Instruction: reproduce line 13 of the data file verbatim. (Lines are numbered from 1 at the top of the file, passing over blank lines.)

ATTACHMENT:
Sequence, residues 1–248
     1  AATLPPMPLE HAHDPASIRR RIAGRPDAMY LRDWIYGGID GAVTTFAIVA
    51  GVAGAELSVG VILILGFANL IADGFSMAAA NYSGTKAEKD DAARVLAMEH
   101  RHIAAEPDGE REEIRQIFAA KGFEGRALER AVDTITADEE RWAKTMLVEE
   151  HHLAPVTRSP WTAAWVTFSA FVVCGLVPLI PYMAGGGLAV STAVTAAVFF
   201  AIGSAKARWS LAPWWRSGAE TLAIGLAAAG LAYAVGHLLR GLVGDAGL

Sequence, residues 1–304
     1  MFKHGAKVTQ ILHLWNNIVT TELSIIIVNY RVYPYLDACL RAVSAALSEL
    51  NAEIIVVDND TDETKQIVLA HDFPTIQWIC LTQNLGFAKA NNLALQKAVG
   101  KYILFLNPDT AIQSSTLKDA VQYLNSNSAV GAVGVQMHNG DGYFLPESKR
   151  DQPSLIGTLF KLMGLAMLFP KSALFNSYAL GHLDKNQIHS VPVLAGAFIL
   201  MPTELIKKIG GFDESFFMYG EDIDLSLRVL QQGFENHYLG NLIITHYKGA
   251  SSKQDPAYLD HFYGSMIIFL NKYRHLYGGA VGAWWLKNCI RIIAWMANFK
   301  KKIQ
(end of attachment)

   251  SSKQDPAYLD HFYGSMIIFL NKYRHLYGGA VGAWWLKNCI RIIAWMANFK